HotKeyIt wrote:We need a #Warn to get an error for variables, so why not do the same for objects?
I presume you're referring to the "uninitialized variable" warnings. Using the value of an uninitialized variable isn't considered to be an error in most cases; the warning is just a tool for debugging. ("Uninitialized" variables really are initialized, just not by the script itself.) This doesn't apply in the same way to objects - When you invoke x.y
, you're asking for something to be done with the object contained by x. If x doesn't contain an object, what you're asking for simply can't be done.
Invoking an object is an operation, like calling a function or double-dereferencing. Invalid double-derefs and dynamic calls also cause exceptions.
Coco wrote:I think it's better to do IsObject(obj.a) / if obj.a is 'object' rather than assuming it as one and invoking it,
I agree. Invoking an object which doesn't exist shouldn't be treated as a valid thing to do.
HotKeyIt wrote:I fully agree it is a useful feature, but definitely it shouldn't be the default behavior and will be a pain for every beginner.
Errors and invalid operations which leave no trace are a pain for everyone.
Another example, as you see 1 line is now at least 4 lines
Both your 1 line code and your 4 line code assume obj
is an object. Therefore, you could easily write it in one line with only a minor change from your original code:
Code: Select all
if !obj["item","value"], obj["item","value"]:="default"
This is also more symmetrical (using the same syntax for both operations), so I would prefer to write it this way in the first place.
; Now we are forced to duplicate the code
That is one way, but very
rarely the only option. It's often not even the easiest.
I think it would be best to have it optionally and let user decide whether to throw an exception but set ErrorLevel by default.
I had already decided against implementing that sort of "error switch" in general. Encouraging users to be lazy causes more problems down the track. Treating things as valid with an optional warning is better, but only where convenience outweighs the potential debugging headaches.
Furthermore, general operations within expressions should not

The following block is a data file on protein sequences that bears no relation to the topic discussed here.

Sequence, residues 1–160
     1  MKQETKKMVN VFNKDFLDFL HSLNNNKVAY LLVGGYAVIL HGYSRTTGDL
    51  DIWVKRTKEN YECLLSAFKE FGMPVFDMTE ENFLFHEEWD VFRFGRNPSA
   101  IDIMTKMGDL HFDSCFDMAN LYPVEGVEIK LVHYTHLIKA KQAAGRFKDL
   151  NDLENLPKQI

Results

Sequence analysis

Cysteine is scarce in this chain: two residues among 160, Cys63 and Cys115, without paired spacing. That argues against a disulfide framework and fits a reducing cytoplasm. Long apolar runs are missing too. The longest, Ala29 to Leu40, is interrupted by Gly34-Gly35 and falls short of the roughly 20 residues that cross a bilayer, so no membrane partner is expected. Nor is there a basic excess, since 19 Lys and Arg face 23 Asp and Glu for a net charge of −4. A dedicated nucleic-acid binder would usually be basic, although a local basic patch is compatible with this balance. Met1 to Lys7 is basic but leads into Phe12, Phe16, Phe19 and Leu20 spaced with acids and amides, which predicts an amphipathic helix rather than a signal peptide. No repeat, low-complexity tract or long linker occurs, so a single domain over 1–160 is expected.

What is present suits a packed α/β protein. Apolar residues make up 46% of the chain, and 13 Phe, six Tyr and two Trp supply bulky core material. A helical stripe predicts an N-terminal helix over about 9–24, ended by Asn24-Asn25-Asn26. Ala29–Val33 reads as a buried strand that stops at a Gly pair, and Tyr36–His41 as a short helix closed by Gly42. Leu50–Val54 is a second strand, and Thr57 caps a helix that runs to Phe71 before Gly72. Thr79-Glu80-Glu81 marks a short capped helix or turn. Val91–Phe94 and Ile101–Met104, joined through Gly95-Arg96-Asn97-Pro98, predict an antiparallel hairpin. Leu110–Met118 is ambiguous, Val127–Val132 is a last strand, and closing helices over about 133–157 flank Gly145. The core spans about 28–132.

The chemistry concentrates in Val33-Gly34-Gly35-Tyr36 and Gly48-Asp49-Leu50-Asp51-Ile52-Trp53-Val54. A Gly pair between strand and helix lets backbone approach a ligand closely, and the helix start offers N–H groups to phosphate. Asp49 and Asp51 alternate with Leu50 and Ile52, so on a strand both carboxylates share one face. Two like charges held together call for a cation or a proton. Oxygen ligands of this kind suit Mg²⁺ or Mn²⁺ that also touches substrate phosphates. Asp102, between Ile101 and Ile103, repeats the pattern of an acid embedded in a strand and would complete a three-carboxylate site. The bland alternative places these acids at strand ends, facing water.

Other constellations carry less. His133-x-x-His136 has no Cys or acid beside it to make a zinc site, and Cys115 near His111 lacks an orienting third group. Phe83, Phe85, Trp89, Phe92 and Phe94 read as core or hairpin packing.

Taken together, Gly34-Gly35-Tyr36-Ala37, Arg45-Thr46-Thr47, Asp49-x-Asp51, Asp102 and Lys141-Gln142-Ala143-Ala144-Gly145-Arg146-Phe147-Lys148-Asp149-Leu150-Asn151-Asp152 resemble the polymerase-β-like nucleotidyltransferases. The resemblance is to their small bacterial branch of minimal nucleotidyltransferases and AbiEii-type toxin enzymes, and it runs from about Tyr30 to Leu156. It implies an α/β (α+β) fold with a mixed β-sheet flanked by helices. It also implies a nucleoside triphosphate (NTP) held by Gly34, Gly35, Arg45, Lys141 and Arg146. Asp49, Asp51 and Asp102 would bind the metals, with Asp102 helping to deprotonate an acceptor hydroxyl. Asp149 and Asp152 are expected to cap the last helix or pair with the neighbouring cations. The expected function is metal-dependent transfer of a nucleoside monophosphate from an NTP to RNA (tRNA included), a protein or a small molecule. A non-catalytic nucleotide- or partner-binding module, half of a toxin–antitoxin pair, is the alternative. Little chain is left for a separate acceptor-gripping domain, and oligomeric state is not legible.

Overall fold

Another example, here I need to take the same action when a file is old or it does not exist:
FileGetTime() doesn't throw an exception in the current alpha. I don't see why your old code wouldn't continue to work.
Also I think the error should show which object could not be invoked, otherwise it is not very helpful, e.g.: obj.item.sub.1.name.
That isn't technically possible, because there is no object; that's the point. You probably mean "which part of the expression", but that also isn't technically possible at the moment. I think I initially designed it to display the target value (which is not an object), but since the value is generally an empty string (which gives exactly the same result as now), I thought it better to omit that code.
Can anyone show a few examples where it would be useful for a beginner? So something where it is really important to use catch?
It is not "really important to use catch". It is important to validate what you're doing before you do it. It is better to avoid causing errors than to react to them. It is important to avoid introducing hard-to-detect bugs (e.g. by ignoring errors or pretending they are valid).
RobertL wrote:Also may extend IsObject to support Variadic, like IsObject(A,B,C) to determine if all params are object within one call.
IsObject already behaves like that. It can't be used in the manner you are thinking of because A, B and C each need to be fully evaluated before IsObject is called. For example, IsObject(x.y, x.y.z)
will cause an error if x.y is not an object, because x.y.z is evaluated before IsObject is called.
The current behaviour is not necessarily final. I am simply not convinced that it should be changed.